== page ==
Many people look at me and do not believe I have twenty more pounds more to lose, but if they could see my “doughy” middle they would agree, that from the “middle” alone, easy 20 lbs! I am trying to pamper my skin. I am hoping that time will heal some of the “self inflected” scars of being overweight will start to heal. I know I am not in my 20’s and I am seeing things I never saw happen to my body back then. If I would pass along any words of advice it would be to those in their 20’s and 30’s get rid of the weight now because your body loses its ability to “bounce back” that it might now have! Be smart get fit now! Don’t put it off! Bat wings, doughy middles and prune like skin are no fun to deal with!! It isn’t pretty to look at either but I would rather be a healthy weight and have those lumps, bumps, sags and wrinkles than to be overweight and unhealthy!
This is a continuation of the article from the March 19th Weights and Balances Newsletter.
Scientifically speaking, eating when bored is believed to be associated with the brain needing more “dopamine” (neuro-transmitter) to feel excited and stimulated. Scientist believes that eating releases this neurotransmitter. This is the same stimulus/response that will enable some to easily become addicted to drugs and alcohol. When we are eating when bored, it appears this is our “substance of choice” to try to wake up our dopamine transmitters in our brains. How many of us associate good feelings/good times with eating?
Why do we eat when we are not hungry?
- It’s a special occasion, find other ways to celebrate special occasions without focusing on food
- Avoid buffets and eating just because “it is there” Do not purchase foods which you have a difficult time eating a reasonable portion
- Don’t start eating just because everyone else is eating!
- Being tired can often lead to overeating; don’t eat at midnight; just go to bed!
- Eating because it is FREE or cheap
- Because you can’t say no
- Because you were raised to clean your plate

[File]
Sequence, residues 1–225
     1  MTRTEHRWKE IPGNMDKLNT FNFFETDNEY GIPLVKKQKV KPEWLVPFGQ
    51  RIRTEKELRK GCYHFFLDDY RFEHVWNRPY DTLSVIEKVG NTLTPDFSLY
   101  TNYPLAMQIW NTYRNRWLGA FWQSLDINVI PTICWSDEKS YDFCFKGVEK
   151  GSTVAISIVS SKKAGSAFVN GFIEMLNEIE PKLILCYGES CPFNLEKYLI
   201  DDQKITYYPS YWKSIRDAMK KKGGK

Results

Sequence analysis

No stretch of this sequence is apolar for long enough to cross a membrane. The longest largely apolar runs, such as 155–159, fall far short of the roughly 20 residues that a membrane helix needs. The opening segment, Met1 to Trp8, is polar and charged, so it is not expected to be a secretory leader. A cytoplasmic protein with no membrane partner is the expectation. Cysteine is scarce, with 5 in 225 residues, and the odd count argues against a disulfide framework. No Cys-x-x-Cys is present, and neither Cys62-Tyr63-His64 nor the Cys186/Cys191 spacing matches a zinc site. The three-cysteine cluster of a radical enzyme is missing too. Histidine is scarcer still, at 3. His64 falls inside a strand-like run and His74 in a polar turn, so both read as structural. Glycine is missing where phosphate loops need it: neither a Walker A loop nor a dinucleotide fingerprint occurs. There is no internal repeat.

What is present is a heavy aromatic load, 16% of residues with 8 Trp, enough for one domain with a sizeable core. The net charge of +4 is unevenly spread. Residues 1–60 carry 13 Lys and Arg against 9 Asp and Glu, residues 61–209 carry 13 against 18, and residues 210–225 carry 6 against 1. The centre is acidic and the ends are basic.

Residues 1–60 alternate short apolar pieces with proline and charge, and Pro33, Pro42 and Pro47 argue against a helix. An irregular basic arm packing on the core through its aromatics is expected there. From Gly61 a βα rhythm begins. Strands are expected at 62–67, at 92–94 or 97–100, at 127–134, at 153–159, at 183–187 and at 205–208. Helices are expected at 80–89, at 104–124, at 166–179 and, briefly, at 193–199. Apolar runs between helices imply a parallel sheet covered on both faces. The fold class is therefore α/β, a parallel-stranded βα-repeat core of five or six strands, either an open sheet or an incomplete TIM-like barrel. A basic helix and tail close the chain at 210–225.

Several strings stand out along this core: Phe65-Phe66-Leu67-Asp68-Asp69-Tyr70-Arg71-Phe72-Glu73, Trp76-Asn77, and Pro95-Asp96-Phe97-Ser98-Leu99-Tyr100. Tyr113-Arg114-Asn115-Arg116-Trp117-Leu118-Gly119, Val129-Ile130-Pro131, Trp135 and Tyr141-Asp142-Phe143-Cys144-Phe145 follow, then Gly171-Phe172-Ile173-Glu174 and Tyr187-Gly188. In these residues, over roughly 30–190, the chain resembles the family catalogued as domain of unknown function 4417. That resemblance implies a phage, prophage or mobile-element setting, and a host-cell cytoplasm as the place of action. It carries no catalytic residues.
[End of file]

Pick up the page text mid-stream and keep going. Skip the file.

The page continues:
What can I do to instead of eating when I get bored?
- Keeping a food journal – write down what you are feeling before you eat, are you really hungry or thirsty, keep dates and times when you feel “driven” to eat too, rate your feeling of hunger from one to ten!
- Breathing exercises
- Read a good book
- Watching a favorite movie
- Listening to a favorite band
- Treating yourself to a new something
- Refrain from seeking pleasure all the time
- Become familiar with what triggers you to eat (patterns) and set up a plan ahead of time on how to deal with it in more productive way!
- Take a walk!
- Take a bubble bath
- Call a friend
- Solve a crossword puzzle
- Play cards or a board game
- Write a card to someone who is sick or shut in
- Find something to do with your hands; needlework, manicure, typing, writing, playing an instrument
- Clean your room!
- Do the laundry
- Plan your next vacation
- Organize your closet/drawers/garage
- Chew a piece of gum
- Write a blog
- Volunteer in your community/church
- Learn relaxation exercises
- Participate in individual and/or group counseling
I think the point is do ANYTHING productive but eat when you are bored!
I have begun to try ask myself the following when I find myself driven to eat when I am not really hungry.
- I ask myself, why do I want to eat now?
- Am I really hungry?
- Am I really thirsty?
- Am I felling bored?
- Am I felling angry?
- Am I feeling upset?
- Am I feeling lonely?
- Am I feeling tired?
- What do I want to eat right now?
- Do I want something specific?
- Do I want something salty?
- Do I want something Sweet
- I have found myself also asking after starting to eat something I really wanted, how much am I enjoying this?
- Slow down, take your time
- Rate your enjoyment from 1-10
- How full am I?
- Chew thoroughly
- Eat slowly
- Rate your fullness from 1-10
- Why did I eat all that?
- Make notes and notice patterns and triggers (work, arguments, etc.)